After firing defensive coordinator Nick Holt, linebackers coach Mike Cox and safeties coach Jeff Mills, the Huskies have just one returning defensive coach, line coach Johnny Nansen. Cornerbacks coach Demetrice Martin already had left to take a job at UCLA.
A year and a day after his greatest moment as Washington’s defensive coordinator, Nick Holt was fired Saturday.
Holt was let go along with linebackers coach Mike Cox and safeties coach Jeff Mills as the Huskies decided to remake the coaching staff of a defense that ranked as the worst in school history, capped by a disastrous showing in a 67-56 loss to Baylor in the Alamo Bowl on Thursday.
With cornerbacks coach Demetrice Martin having already left to take a similar job at UCLA, UW is now searching for four new defensive assistants. The only one remaining is defensive line coach Johnny Nansen, who also serves as recruiting coordinator and special teams coach.
The school made the announcement in a news release early Saturday.
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Coach Steve Sarkisian said in the release the fired coaches “were instrumental in the leadership and development of countless young men, and they have left our program in a better place. I am grateful for their service to our program and to the University of Washington and I wish them all the best in their future endeavors.”
The school said Sarkisian would have no further comment until an end-of-season news conference in a few weeks. The statement said a national search for replacements for all the coaches would begin immediately.
The key hire will be finding a successor for Holt, who came to UW amid much fanfare in 2009 after having been the defensive coordinator at USC under Pete Carroll, now the Seahawks coach. Holt worked with Sarkisian on Carroll’s staff.
Sarkisian was the offensive coordinator at USC and works primarily with the offense at UW and hired Holt to oversee the defense, luring him with a hefty contract that paid him $650,004 this season as well as the additional title of assistant head coach.
Holt’s intense demeanor — accentuated by his bald head and seemingly ever-present snarl on the practice field — made him an initial hit with fans.
And the UW defense showed signs of promise in Holt’s first two seasons, highlighted by a 19-7 victory over Nebraska in the Holiday Bowl on Dec. 30, 2010, a game in which the Huskies held the Cornhuskers to 189 yards.
But such performances were an anomaly, and Holt could not build on the Holiday Bowl success this season. Washington’s 2011 defense was the worst in school history in yards allowed per game (453.3), passing yards allowed per game (284.6) and total points (467).
Washington also allowed the second-most points in a game in its history (67 against Baylor) and the most yards (777 against Baylor), and was torched for 65 points and 615 yards by Stanford.
The Huskies’ defense ranked No. 94 nationally before bowl games.
Holt and Sarkisian often pointed to the youth of this year’s defense, which generally started just four seniors, as an explanation. In particular, the defense couldn’t replace the playmaking abilities of linebackers Mason Foster and Victor Aiyewa, stalwarts of the 2010 team
But after the Alamo Bowl, Sarkisian said every aspect of the program would be re-evaluated.
“It’s obvious we need to improve,” Sarkisian said. “We need to get better on the defensive side of the ball, and it’ll be addressed and addressed as quickly as possible.”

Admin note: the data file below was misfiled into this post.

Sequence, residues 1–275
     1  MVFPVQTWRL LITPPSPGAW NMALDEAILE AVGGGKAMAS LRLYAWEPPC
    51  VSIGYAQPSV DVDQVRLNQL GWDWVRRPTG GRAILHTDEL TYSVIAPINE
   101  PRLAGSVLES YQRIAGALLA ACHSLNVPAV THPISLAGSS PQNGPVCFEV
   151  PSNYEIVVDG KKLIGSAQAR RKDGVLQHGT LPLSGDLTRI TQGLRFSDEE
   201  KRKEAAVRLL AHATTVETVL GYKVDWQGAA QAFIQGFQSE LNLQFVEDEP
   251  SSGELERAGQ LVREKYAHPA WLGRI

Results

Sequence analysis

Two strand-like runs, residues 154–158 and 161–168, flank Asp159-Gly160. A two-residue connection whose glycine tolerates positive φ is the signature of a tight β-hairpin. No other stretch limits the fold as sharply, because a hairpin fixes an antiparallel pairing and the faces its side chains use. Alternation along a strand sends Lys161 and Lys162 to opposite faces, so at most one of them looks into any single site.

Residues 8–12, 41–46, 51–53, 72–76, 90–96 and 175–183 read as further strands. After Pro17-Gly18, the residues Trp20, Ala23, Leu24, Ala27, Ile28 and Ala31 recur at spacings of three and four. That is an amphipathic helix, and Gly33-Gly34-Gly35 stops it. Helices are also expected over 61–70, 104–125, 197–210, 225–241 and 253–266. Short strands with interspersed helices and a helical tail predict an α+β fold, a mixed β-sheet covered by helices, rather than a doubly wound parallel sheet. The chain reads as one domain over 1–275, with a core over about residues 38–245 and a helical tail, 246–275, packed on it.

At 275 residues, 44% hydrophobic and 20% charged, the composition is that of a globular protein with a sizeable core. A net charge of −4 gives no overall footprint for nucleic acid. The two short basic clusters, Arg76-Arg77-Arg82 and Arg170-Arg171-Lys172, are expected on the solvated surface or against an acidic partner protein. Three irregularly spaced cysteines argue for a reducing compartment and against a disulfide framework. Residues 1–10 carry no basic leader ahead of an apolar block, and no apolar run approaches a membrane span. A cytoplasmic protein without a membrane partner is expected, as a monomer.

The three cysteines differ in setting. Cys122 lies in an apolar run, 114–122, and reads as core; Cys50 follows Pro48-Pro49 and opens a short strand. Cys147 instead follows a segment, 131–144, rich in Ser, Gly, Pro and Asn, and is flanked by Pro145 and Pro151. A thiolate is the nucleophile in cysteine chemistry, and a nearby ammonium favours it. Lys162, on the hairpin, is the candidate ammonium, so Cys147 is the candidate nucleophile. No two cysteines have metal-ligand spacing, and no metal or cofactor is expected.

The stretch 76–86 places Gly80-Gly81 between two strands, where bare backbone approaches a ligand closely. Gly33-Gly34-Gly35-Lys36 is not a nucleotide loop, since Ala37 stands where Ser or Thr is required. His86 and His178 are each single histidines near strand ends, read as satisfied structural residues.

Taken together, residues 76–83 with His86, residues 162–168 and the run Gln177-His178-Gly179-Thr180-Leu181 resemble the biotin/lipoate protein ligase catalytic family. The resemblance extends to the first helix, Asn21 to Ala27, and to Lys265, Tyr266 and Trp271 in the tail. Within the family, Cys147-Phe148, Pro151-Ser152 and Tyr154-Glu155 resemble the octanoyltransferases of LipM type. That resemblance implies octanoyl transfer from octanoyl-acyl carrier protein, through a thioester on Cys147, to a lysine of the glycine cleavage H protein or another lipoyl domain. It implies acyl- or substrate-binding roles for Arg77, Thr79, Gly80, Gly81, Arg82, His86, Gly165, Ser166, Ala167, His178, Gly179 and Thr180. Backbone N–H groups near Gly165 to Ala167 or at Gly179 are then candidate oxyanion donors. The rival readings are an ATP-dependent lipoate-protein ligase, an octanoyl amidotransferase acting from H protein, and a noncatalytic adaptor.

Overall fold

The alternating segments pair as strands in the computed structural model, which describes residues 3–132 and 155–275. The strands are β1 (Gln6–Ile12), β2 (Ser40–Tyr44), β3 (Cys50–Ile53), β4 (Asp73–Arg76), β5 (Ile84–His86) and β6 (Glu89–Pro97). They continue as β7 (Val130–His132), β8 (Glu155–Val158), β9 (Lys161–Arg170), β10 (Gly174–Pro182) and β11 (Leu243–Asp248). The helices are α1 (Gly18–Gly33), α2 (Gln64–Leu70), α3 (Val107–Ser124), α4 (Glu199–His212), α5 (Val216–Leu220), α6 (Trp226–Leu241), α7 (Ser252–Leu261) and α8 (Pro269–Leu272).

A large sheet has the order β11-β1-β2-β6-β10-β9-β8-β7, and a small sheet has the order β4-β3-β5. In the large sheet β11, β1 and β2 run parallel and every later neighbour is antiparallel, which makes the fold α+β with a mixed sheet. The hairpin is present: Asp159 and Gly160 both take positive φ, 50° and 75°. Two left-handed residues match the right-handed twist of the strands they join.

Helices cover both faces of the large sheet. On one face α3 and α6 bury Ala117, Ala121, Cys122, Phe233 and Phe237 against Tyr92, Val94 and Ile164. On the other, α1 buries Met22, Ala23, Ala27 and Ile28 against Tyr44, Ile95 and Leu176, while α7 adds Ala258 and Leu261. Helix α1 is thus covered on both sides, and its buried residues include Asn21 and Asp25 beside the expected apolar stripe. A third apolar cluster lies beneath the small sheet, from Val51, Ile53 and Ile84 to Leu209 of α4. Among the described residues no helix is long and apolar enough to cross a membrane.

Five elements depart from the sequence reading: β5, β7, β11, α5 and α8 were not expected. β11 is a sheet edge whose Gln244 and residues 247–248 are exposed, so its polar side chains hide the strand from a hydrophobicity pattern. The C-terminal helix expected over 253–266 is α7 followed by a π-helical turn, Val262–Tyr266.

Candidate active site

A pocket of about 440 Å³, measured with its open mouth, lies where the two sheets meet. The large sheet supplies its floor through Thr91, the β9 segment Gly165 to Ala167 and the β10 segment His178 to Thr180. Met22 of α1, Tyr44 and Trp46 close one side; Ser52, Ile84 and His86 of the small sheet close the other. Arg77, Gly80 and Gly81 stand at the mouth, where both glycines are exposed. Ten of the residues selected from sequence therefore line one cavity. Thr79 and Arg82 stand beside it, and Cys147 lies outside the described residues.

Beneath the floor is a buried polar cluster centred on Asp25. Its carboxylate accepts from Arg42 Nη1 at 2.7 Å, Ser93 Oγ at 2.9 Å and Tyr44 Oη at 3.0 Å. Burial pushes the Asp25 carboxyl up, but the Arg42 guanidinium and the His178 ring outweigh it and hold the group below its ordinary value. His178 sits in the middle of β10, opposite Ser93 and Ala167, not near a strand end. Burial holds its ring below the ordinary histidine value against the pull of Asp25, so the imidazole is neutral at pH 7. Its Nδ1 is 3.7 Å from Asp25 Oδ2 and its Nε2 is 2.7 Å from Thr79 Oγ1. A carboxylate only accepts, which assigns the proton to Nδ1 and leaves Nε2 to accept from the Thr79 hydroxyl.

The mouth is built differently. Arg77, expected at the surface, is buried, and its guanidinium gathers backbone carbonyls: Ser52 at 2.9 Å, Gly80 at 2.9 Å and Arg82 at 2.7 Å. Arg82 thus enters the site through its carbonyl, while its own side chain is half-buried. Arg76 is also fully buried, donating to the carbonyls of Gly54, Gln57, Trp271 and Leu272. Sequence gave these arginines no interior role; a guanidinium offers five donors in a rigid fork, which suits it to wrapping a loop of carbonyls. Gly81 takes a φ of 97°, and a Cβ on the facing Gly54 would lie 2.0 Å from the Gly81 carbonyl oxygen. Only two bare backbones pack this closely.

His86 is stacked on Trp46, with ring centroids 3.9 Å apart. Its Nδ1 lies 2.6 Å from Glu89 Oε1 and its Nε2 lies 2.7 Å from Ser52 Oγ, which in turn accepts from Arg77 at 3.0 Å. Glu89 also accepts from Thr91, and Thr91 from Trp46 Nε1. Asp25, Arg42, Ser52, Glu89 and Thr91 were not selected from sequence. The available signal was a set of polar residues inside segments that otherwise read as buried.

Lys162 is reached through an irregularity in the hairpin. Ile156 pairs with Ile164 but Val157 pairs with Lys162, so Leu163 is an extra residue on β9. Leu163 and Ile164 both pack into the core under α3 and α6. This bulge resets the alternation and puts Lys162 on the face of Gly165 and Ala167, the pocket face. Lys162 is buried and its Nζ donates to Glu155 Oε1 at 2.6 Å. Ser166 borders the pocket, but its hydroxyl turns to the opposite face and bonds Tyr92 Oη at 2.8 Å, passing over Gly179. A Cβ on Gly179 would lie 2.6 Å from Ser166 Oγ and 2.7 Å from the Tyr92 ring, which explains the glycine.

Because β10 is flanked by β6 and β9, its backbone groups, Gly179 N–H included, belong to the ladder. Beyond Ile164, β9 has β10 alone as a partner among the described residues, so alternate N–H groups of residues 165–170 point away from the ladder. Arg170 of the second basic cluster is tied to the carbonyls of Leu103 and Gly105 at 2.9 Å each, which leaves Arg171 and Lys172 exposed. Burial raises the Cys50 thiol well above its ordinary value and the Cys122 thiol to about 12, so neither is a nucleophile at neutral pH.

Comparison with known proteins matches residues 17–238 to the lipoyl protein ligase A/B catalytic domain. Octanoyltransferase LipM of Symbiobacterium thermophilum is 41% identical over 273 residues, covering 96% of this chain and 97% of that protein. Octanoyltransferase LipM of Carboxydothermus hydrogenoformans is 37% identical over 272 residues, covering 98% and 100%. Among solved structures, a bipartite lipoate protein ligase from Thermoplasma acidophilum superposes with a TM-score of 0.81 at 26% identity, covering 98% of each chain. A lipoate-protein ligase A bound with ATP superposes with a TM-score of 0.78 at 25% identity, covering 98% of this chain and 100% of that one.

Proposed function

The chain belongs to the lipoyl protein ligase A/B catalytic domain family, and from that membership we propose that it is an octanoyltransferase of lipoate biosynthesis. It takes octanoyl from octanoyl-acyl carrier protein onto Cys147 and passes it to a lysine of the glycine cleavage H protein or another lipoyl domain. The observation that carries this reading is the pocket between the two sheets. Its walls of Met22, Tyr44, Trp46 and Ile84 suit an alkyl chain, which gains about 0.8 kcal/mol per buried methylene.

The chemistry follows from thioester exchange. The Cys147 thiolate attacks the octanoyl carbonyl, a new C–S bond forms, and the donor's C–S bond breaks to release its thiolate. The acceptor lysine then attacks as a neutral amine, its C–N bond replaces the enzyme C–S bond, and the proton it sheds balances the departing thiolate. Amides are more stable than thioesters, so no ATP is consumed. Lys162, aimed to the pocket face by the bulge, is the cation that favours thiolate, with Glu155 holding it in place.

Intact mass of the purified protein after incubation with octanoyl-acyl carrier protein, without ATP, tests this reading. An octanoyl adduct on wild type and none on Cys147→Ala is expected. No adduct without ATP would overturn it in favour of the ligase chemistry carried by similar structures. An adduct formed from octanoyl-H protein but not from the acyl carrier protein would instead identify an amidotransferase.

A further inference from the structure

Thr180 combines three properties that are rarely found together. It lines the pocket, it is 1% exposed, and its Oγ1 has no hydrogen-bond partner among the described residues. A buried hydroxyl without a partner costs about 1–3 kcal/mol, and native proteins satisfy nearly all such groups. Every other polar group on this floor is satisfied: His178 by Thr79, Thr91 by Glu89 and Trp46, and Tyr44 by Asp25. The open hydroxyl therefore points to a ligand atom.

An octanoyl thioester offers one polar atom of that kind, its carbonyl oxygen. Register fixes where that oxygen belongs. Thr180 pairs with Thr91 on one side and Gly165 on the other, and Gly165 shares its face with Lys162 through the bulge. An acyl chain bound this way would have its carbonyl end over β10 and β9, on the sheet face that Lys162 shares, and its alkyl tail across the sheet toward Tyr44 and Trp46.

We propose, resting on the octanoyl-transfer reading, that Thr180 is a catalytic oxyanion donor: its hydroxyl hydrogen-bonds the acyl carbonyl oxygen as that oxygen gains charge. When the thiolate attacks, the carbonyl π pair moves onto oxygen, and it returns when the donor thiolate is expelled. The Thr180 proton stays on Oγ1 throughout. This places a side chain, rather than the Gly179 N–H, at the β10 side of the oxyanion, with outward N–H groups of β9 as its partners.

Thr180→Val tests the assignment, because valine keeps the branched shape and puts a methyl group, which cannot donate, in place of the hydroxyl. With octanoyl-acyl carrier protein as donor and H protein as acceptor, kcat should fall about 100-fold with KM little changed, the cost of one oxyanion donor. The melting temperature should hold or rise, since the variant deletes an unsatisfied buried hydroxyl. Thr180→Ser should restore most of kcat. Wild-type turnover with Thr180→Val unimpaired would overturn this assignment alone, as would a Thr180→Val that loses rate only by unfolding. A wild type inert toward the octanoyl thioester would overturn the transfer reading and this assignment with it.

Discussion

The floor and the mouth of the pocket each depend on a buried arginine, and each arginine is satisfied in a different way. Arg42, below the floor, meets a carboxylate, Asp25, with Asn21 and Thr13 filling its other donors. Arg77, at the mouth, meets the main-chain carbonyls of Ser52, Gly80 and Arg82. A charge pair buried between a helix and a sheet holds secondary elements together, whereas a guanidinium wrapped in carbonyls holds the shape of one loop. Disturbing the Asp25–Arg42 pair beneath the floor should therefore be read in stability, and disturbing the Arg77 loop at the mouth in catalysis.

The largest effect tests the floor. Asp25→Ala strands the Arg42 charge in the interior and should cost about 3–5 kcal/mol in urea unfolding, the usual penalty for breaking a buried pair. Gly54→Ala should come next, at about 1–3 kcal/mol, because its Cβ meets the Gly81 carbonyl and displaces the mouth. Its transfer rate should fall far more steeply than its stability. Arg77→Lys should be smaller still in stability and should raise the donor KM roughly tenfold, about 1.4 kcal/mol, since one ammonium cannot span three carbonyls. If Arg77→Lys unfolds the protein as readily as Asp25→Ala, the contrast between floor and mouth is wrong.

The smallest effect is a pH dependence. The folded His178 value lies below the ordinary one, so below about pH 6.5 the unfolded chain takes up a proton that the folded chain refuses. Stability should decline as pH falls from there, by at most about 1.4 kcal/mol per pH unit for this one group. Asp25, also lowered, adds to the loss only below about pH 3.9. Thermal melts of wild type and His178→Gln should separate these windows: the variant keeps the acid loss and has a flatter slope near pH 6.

There were rumors on Friday that Holt would be fired, including a report by FootballScoop.com.
Holt, in a brief interview with The Seattle Times on Friday, said he expected to be back.
But the Huskies made the announcement of his firing, and that of Mills and Cox, on Saturday morning.
Holt did not respond to messages left by The Times, but told Dave Mahler of KJR-AM that “obviously the whole year was kind of a tough year” and that he would now begin trying to get a new job.
Sarkisian has long touted the value of continuity in his coaching staff. Martin’s departure was the first for the nine-man assistant staff that was put together before the 2009 season.
Sarkisian had helped facilitate new contracts for all of his assistants following the success of the 2010 season and each had a deal through at least the 2012 season.
Holt’s salary at UW was $650,004, Cox’s was $220,008 and Mills’ was $155,004, and under the terms of their original contracts, each is scheduled to receive that salary in a lump-sum payment within 30 days of termination.
Washington felt it a necessary price to pay to shore up its defense.
Led by an explosive offense powered by sophomore quarterback Keith Price — a surprise in the quick transition he made replacing Jake Locker — UW began the season 6-2. But the Huskies lost four of their final five, giving up 34 or more points in each loss, the offense unable to keep up with the rapid pace of scoring by opponents.
The Alamo Bowl loss left Sarkisian’s record at 19-19 entering his fourth year at UW, which will be a transitional year for the program as the Huskies will play at CenturyLink Field while Husky Stadium undergoes a $250 million renovation.
Roughly $200 million of that will be paid off in revenues generated by the new stadium, so the Huskies will need to reignite the enthusiasm of the fan base in 2012 before they head into the new stadium, and will need to do so against another tough schedule that includes a nonconference game at LSU, and five road conference games, including a trip to Pac-12 champ Oregon, as well as home contests against USC and Stanford.
Mills is a former quarterback and outside linebacker at Western Washington who was a graduate assistant at Washington in 1990-91.
Like Holt and Mills, Cox also worked at Idaho, among several other stops, before coming to UW.
Bob Condotta: 206-515-5699 or email@example.com. On Twitter @bcondotta.